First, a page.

- The World Meteorological Organization chooses hurricane names several years in advance.
- If a hurricane is particularly deadly or costly, then its name is “retired.”
- If all 21 names are used this year, there is a new “supplemental” list of 21 names that will be used after Wanda.
With the 2021 Atlantic hurricane season upon us, now is a good time to review the list of names that will be used throughout the six-month season.
Hurricane season officially begins June 1, and federal forecasters have predicted an “above-average” season, with as many as 20 named storms forming. Of those 20, as many as 10 are forecast to be hurricanes. (An average season has 14 named storms, of which 7 are hurricanes.)
A tropical storm gets a name when its sustained winds reach 39 mph; it becomes a hurricane when its winds reach 74 mph.
The World Meteorological Organization (WMO), based in Geneva, Switzerland, chooses hurricane names several years in advance, based on a strict criteria. If a hurricane is particularly deadly or costly, then its name is “retired” by the WMO and replaced by another one.
The first storm of the year has already passed: Tropical Storm Ana formed a week ago but did not pose a threat to land before it dissipated in the Atlantic.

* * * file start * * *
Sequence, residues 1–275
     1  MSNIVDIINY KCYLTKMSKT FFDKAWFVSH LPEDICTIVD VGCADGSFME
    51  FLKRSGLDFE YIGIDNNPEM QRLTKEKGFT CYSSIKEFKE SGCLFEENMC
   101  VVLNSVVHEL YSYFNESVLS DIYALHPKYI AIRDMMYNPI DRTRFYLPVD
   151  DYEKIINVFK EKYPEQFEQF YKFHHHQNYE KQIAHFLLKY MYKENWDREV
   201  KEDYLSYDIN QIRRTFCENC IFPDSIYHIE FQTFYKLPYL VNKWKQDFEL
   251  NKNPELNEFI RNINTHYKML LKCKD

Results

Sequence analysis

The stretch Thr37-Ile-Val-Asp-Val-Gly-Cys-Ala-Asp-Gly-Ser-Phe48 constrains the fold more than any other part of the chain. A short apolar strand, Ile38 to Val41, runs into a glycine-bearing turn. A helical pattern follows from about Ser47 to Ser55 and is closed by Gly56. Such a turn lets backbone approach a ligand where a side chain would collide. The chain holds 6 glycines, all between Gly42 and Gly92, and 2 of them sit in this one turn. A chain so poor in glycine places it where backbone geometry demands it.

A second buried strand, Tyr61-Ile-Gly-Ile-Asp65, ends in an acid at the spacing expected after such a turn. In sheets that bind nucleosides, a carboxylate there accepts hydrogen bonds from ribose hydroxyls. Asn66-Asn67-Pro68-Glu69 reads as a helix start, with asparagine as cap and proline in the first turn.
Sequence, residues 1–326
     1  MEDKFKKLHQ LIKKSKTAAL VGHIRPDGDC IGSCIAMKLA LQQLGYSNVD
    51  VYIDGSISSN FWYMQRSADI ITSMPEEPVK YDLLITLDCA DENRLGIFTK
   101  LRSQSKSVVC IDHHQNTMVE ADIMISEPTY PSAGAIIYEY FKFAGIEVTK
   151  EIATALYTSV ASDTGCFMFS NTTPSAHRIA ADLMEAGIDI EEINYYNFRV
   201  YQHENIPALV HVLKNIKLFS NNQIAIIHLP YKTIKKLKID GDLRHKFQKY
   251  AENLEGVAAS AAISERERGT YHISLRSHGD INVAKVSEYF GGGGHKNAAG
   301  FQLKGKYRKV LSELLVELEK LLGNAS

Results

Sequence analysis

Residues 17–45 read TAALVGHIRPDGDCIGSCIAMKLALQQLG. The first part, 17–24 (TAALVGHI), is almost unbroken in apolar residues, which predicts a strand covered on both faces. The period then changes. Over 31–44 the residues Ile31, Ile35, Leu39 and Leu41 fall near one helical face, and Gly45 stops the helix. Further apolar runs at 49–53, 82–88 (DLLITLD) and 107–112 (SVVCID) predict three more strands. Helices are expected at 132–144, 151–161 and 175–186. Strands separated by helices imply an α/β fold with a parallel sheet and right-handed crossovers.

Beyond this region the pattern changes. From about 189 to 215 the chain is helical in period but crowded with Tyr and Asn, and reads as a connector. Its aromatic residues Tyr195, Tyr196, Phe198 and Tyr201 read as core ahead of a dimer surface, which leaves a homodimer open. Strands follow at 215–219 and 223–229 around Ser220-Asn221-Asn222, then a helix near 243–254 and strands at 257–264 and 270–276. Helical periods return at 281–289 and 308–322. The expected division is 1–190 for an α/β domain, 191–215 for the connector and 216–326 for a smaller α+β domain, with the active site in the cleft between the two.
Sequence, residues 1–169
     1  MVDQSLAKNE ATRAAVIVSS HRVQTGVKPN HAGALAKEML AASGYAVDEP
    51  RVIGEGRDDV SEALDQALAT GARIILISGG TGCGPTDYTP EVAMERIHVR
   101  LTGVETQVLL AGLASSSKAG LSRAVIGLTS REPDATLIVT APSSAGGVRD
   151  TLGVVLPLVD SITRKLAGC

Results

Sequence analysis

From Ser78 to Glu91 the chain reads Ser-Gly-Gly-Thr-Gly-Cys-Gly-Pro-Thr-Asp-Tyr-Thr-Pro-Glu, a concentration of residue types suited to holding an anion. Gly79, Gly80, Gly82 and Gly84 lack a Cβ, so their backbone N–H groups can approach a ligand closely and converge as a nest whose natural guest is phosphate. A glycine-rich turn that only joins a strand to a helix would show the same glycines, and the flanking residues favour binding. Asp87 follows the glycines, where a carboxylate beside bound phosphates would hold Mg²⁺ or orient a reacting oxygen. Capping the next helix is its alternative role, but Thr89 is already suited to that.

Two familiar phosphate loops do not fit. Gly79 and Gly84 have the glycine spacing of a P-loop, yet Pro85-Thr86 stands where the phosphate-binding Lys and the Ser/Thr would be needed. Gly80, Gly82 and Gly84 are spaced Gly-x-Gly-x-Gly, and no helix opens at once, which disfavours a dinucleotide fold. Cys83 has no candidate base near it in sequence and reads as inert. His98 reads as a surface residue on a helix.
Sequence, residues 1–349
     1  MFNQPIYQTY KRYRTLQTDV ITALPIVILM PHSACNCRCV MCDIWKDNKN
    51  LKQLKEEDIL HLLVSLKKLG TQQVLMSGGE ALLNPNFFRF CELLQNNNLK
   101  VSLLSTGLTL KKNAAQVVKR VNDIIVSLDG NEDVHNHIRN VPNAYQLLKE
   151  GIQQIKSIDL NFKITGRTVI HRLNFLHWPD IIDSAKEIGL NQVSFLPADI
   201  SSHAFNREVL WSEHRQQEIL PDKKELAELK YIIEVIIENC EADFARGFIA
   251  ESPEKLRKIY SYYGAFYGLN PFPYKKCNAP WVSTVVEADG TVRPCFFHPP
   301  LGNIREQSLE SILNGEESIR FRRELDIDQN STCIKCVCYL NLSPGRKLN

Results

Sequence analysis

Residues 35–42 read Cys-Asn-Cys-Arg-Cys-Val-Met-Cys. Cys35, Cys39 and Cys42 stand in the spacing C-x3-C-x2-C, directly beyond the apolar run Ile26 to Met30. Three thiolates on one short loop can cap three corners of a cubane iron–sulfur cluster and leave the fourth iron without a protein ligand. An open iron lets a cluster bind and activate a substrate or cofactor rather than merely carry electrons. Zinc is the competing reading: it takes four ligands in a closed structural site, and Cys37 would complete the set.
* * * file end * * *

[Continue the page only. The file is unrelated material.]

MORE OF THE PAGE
Here is the list of names for the 2021 season:
If all 21 names are used this year, there is a new supplemental list of 21 names that will be used after Wanda. Here is that list, from the WMO:
Prior to 2021, the Greek alphabet was used if the primary list was exhausted, using such names as Alpha, Beta, Gamma and Delta, etc.
Why – and how – do hurricanes get names?
Before they started naming storms, hurricane forecasters had to refer to storms by saying something like, “the storm 500 miles east-southeast of Miami.” But six hours later the storm’s position would change.
Also, when more than one storm was going on at the same time, making it clear which storm was being described made the job even harder.
In 1953, the U.S. began using female names for hurricanes and, by 1979, male and female names were used. The names alternate between male and female.
The names are alphabetical and each new storm gets the next name on the list.
There are no Q, U, X, Y or Z names because of the lack of usable names that begin with those letters.
There is a separate list for tropical storms and hurricanes that form in the eastern Pacific Ocean.
In addition, there are also separate lists for typhoons in the western Pacific and tropical cyclones in Australia and the Indian Ocean.